Many years ago when I was studying animation, we were given a summer assignment for life drawing – pick some aspect of our work, and improve it. Come back better. When we came back after the summer, the teacher went around the room to find out what people worked on. Most were along the lines of this – I’m really bad at drawing hands so I worked to try to improve that and so I drew hundreds of hands.
That’s a good thing, right?
Sure it is. We could all do at getting better at drawing hands.
But I didn’t draw hands. Or feet. Or anything all that tricky.
I enjoyed drawing my dog, Reg, and I was pretty good at it (even if I say so myself) so I drew more of him. Lots more of him. Now it’s not like I didn’t have plenty of weaknesses to work on. I did. But I enjoyed drawing dogs and, by working at it, I might go from ‘pretty good’ to ‘great’.
And while everyone else was showing less stinky versions of their weaknesses, I showed my strengths. And it set the tone for the year ahead.
So what was the right approach? Well there’s a discussion on goals to be had, but that’s for another post. This post is about the idea that, to get better, the assumption is often that you work on your weaknesses. On first glance, it’s something that seems to make sense. By focusing on weaknesses, those things that might let your work down or might disappoint, you’re trying to eliminate the minuses. Empty that ‘cons’ list on the pros and cons that make up who you are or your work. But consider what number you arrive at if you get fixated on eliminating all minuses…
You arrive at zero.
And the unfortunate reality is that zero impresses nobody. Nobody ever bought anything thinking, well, I suppose there’s nothing technically wrong with it. Zero is nothing.
If you just pick at the negatives (and a lot of people do, often incorrectly calling it ‘constructive’ criticism, as if that’s a contribution – it rarely is), if you worry about what might not work, those rough edges, what might put people off or what could go wrong, you’re aiming for zero. What you need is a positive contribution. Taking that number above zero. Concentrating on what you can add, not eliminate. That’s constructive. And the fantastic news here is that the effort you put into making a positive contribution will have much more of an effect than that same effort being spent on eliminating a negative.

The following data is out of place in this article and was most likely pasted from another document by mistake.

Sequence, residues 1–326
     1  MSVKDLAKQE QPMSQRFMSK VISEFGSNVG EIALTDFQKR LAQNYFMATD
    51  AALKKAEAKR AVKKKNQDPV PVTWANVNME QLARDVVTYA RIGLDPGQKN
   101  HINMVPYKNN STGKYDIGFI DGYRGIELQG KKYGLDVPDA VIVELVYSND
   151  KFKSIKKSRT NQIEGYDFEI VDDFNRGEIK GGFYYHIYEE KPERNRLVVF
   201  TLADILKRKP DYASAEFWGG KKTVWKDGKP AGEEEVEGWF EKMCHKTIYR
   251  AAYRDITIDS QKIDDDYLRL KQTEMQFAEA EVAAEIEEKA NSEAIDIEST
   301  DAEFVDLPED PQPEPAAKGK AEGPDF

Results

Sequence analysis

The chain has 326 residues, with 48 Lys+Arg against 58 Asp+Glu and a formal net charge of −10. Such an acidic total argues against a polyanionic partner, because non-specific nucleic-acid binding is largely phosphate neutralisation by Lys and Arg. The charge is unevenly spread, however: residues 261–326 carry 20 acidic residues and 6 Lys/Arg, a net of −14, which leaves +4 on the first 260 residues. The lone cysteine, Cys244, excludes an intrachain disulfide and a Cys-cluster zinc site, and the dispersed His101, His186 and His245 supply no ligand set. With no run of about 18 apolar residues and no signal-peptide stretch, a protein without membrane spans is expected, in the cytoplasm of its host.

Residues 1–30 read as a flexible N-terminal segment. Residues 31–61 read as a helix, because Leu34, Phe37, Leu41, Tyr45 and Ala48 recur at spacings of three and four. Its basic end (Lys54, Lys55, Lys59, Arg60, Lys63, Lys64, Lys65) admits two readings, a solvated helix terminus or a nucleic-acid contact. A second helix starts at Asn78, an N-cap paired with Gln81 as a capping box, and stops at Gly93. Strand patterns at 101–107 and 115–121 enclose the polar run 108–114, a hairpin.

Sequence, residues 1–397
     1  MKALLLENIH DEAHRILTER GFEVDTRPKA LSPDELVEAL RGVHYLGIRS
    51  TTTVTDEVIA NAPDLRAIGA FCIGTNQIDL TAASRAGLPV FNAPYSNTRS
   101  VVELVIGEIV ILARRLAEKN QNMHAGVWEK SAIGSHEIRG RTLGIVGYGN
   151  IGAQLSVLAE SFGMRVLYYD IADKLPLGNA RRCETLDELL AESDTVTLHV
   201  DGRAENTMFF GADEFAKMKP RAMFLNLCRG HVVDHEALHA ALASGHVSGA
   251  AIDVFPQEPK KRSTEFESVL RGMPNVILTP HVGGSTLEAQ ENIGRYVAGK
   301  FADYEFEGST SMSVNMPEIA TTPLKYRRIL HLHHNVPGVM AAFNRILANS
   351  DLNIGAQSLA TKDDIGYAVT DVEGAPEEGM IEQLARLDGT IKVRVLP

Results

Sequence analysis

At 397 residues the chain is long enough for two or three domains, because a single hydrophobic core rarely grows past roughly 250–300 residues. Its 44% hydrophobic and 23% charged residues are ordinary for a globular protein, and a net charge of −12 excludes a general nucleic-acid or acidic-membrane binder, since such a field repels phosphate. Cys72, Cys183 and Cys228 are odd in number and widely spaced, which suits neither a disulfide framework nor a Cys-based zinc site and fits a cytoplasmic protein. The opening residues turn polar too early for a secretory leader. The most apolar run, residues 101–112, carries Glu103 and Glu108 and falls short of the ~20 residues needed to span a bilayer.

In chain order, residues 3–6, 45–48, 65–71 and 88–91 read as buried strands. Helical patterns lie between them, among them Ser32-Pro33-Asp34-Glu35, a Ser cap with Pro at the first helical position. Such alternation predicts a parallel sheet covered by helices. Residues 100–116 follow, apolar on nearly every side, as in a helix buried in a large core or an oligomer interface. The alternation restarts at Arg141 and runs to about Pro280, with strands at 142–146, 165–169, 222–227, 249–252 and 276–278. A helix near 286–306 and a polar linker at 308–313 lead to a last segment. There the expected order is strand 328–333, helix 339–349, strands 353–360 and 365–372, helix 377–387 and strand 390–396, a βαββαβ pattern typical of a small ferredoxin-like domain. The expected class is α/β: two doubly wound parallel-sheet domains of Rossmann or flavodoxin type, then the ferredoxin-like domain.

Making a good thing great has much, much more value than making the bad things okay.
Look at the iPod. Audiophiles say the sound quality isn’t great. The iTunes system can be restrictive and the programme hogs resources. Even now, it has some crazy problems that have carried over to the iPhone. Would it be better if these things were fixed? Absolutely. But people aren’t buying the iPod or iPhone because of what it does badly. They’re buying it because of what it does great.
Positives count much more than negatives.
By all means fix those issues that are easily fixed and certainly don’t tolerate any problems you don’t have to, especially in your own systems. But focus should be not on what you can make acceptable, or least offensive, but on what you can make great, fantastic, impressive. That’s how you stand out, that’s how you shine. It’s how you set the tone with your work. And the best thing? It’s much more fun.
Don’t aim for zero. Zero is nothing.
Aim for great.